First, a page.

Marketing Your Product

Teresa Olson
By Teresa Olson November 26, 2018 10:55

titan-search-button

Search All Titan Machinery Equipment

comparespecs-btn

Compare Case IH Specs

warranty-button

warranty-button

Spanish Btn

fae

fae

Spacer

 

camoplast

The preferred choice for farmers of Agricultural Tracks

Man using calculator at desk, backlit by sunshine through window, close up.

 

Recently, members of the American Bankers Association’s ABA Agricultural and Rural Bankers Committee provided a seven point tip sheet to help farmers and ranchers manage their risk.  Here’s a quick recap:

  • Know your break-even costs.  This should include input, debt service and family living expenses.  In order to get a better idea of what your yield might be, calculate your 3 or 5 year average; or an Olympic average (which means removing your high and low data for the last five years and averaging the rest).  You can also find estimated figures from your local university agricultural  extension service or an advisory firm.  An excel spreadsheet should be set up to track your costs.
  • When there’s an opportunity to profit, act on it.  When you understand your production costs, you have a better idea of when you can sell for a profit.  Even a small profit (because you’re not always going to hit the high) will take some risk off the table.  Don’t make the mistake of holding off for fear of a price increase or rally.
  • Set a goal and stick to it.  Set a date to have all of your marketing completed, plan to market 10% each month, or set goals to market one to three years out.  No one can be sure of what’s going to happen with agriculture’s volatility, but having an organized plan can help.
  • Take the emotions out of it.  The right person or company goes a long way here – a marketing advisory firm, local co-op and elevator programs or an in-house financial manager.  You need to find someone you trust and feel comfortable working with.
  • Keep things simple.  Without getting fancy, sticking to your marketing plan can help you stay in business.  Once you make a decision accept it and move forward – don’t beat yourself up later if the market moves one way or another.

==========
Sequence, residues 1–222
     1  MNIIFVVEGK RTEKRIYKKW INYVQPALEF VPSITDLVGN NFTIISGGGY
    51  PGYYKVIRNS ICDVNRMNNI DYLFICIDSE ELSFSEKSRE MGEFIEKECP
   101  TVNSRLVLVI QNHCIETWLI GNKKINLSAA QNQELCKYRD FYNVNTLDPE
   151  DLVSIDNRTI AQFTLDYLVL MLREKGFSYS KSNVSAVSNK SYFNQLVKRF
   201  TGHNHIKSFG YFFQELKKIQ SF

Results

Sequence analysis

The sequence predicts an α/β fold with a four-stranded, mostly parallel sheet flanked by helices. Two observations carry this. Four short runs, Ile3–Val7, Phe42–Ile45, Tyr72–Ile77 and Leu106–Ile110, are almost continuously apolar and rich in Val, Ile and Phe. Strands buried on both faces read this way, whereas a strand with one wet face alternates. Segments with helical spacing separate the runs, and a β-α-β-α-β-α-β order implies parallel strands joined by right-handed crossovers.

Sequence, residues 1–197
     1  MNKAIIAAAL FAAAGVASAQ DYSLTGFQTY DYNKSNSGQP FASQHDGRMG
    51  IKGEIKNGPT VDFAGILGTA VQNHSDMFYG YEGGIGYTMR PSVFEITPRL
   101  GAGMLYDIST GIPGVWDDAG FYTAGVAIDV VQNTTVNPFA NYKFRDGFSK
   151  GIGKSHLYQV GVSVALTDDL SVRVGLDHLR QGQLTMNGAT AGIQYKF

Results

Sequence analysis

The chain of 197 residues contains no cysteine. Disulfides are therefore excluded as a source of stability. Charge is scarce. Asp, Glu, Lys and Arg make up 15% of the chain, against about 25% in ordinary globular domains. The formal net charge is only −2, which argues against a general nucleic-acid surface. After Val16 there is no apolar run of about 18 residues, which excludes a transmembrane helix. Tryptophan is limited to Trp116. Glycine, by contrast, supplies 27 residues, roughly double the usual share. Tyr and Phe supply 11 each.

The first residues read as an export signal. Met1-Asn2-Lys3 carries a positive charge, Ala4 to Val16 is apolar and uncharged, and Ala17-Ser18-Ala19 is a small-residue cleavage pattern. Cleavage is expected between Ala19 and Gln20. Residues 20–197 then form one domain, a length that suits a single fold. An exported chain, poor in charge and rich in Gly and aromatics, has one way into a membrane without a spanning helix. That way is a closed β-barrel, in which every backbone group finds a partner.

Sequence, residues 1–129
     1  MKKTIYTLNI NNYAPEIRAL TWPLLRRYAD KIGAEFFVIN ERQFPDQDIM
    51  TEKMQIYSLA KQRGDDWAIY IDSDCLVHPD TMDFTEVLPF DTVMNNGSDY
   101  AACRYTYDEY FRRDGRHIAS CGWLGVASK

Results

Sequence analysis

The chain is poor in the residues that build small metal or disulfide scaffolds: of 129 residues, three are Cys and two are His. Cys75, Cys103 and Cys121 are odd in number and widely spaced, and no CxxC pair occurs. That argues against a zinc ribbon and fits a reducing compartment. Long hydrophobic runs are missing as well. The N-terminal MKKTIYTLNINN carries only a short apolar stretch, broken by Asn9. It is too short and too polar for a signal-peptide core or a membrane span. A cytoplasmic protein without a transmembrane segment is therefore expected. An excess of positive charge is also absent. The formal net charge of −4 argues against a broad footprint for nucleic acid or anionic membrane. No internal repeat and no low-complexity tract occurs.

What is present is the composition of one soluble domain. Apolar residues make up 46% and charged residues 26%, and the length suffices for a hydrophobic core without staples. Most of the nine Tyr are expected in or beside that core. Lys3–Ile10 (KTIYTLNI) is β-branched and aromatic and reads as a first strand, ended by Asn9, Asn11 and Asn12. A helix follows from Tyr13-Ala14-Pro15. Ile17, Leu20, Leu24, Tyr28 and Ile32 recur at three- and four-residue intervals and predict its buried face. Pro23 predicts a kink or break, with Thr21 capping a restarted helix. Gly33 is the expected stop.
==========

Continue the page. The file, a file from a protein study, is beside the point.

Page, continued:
• Avoid spot markets.  Don’t wait until you’re pressed for cash or money to make a loan payment.  Doing so will leave you at the mercy of the markets at that particular time.  Keep track of your local basis and understand the advantages of forward pricing.
  • Understand the tools available.  Things can be complicated: hedge-to-arrive contracts, forward pricing, loans to cover hedging expenses and hedging lines of credit, and the role crop insurance plays, etc.  Ask questions in order to find the best plan of action for your operation.

I found a great reference tool for grain marketing terms that may be helpful:

https://www.extension.iastate.edu/agdm/crops/html/a2-05.html.

 

So when things seem to be a little slow this winter, gather your data and start a marketing plan.  You won’t regret it.

 

-Terry Olson, Titan Outlet Store Team

 

References:

http://northernag.net/AGNews/AgNewsStories/TabId/657/ArtMID/2927/ArticleID/9307/Seven-Tips-for-Farmers-and-Ranchers-to-Develop-a-Strong-Marketing-Plan.aspx

https://www.extension.iastate.edu/agdm/crops/html/a2-05.html

 

Teresa Olson
By Teresa Olson November 26, 2018 10:55
Write a comment

No Comments

No Comments Yet!

Let me tell You a sad story ! There are no comments yet, but You can be first one to comment this article.

Write a comment
View comments

Write a comment

Your e-mail address will not be published.
Required fields are marked*

Newsletter Signup

Newsletter Signup

Receive the latest in promotions, news, and more with our email newsletter.